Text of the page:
Part-Time Team Organizer - Not currently hiring.
You can’t help yourself; if something needs to be organized, you leap at the opportunity. Friends and family constantly comment on how organized you are. In fact, they invite you to organize their lives and they often tease you that you should make a living out of it.
Does this sound like you? Then join our team and make a career with your organizational skills!
Every organizing job is different. No two moves are the same; no two closets are the same; every special request is unique. Your goal is to listen to the client and help them identify their organizing challenges. In essence, you are responsible for working one-on-one with clients on their organizing projects and establishing systems and processes that will help them maintain their organization.
Your ability to professionally present Time to Get Organized and our services must build confidence in all clients and establish a relationship between the client and Time to Get Organized that will last beyond the end of the first project.
The duties and responsibilities of a professional organizer include managing their client’s surroundings, including their paper, time, and all other systems of their lives. Commonly, people hire a professional organizer to help them deal with time management, to come up with storage design and space planning, develop an effective filing system, and to control clutter. For residential organizing, the tasks of a professional would include organizing packing and moving, developing household filing systems, organizing closets and basements, garage organizing, and getting rid of clutter at home.
Professional office organizers help companies and businesses become more organized. Responsibilities of a professional office organizer included paper management, developing work systems, managing financial records, office space planning, and developing filing systems.
The main responsibility of a professional organizer is to teach other people how to get and stay organized and enhance the life of these people by creating processes and systems through organizing principles and via systematic skills.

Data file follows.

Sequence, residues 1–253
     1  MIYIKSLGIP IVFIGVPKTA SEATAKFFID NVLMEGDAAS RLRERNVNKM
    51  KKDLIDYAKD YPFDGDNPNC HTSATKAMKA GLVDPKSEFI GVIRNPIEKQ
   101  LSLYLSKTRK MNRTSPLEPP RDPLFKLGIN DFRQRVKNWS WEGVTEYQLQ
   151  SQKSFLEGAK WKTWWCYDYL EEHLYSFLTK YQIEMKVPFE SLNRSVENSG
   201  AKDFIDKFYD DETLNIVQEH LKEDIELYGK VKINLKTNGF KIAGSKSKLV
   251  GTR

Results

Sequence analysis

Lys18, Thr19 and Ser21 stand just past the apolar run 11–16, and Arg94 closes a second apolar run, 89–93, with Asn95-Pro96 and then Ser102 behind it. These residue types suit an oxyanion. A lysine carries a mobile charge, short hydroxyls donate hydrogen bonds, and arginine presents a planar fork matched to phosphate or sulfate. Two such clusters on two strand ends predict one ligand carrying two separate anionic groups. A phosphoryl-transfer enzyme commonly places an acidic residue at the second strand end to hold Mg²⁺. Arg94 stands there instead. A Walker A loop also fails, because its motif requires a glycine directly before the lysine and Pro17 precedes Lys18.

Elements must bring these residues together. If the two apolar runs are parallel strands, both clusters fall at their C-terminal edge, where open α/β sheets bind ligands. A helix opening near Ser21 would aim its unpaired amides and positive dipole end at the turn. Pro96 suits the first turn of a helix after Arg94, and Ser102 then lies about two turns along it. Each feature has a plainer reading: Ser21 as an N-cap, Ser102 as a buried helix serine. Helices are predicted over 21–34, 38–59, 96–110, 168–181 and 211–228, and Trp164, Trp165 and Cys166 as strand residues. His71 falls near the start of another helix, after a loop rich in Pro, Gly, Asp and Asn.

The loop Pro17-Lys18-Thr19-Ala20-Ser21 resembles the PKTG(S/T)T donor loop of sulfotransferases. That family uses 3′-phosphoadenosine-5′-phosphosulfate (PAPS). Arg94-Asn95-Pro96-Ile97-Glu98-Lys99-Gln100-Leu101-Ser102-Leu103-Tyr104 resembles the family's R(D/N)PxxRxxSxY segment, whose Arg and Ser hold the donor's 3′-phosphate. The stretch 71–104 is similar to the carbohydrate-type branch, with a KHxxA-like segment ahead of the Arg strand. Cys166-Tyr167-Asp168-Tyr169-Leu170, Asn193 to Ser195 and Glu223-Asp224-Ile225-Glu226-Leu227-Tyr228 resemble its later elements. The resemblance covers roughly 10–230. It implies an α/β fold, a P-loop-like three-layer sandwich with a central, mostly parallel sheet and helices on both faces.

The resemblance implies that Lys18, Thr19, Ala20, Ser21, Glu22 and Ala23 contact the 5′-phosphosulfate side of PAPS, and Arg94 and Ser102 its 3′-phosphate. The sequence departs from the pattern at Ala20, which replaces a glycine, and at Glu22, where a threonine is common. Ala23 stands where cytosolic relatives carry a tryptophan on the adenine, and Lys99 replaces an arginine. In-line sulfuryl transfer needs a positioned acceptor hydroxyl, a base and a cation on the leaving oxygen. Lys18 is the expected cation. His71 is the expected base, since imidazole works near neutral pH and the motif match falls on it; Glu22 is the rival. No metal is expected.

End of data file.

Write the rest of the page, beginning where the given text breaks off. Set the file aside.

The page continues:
To become a professional organizer, you must first ask yourself some questions to determine if you’re fit for this job. For example, how good are you at understanding what a client means? Do you have a skill for categorization of various things? Can you take an overall goal, and take it down to small steps? Are you flexible in changing your organizing methods – because clients could ask for many different things?
The ideal candidate is one who is patient and compassionate to those who are organizationally challenged; one who has a genuine need to help people; one who is empathic to a client’s unique situation, yet one who takes charge of a situation and is willing to roll up their sleeves and provide a hands-on approach.
A skilled candidate, one must demonstrate assessment and problem-solving skills; be versed in organizational solutions from the garage to the attic, to the desk-top to the file system, whether it’s a residential or office project; be organized and detailed oriented; be knowledgeable of current organizing/storage products; and be resourceful.
Exceptional communication skills, coupled with an outgoing personality and a professional demeanor is desired; a little knowledge of a lot of things will allow candidate to interface with people on many different levels; must be comfortable one-on-one working with clients, as well as independent work when needed.
Project scopes and timelines vary, so flexibility is required; projects require physical activity. Must be able to lift 25 pounds.
Advancement & Employment Outlook
Advancement in this field depends on gaining a reputation for performing quality service. Some professional organizers advance by moving from smaller rural markets to more lucrative metropolitan areas. Others start their own businesses after holding positions in large management firms.
The field of professional organizing is growing rapidly, primarily due to the increasing demands placed on people by the complex technology of the Information Age. More and more people are turning to organizers to help them put aspects of their personal and professional lives in order. Therefore, the job outlook for professional organizers is very good through the year 2014.
Professional organizers generally work out of offices or their own homes. They spend a great deal of time meeting with clients and working at clients' homes and business offices. Many work flexible hours. Professional organizers also spend time designing organizational plans and negotiating with suppliers.
Training will also be provided and required to follow the Time to Get Organized procedures and system.
Hours and Location:
Project locations vary; hours vary, depending on projects. It is expected that you will be engaged in client activities a minimum of 15 hours per week.
We are not currently hiring but may be again in Fall of 2012. Please send your resume and cover letter to firstname.lastname@example.org. Please also write between one paragraph and one page on the following topic: “What are you most passionate about?”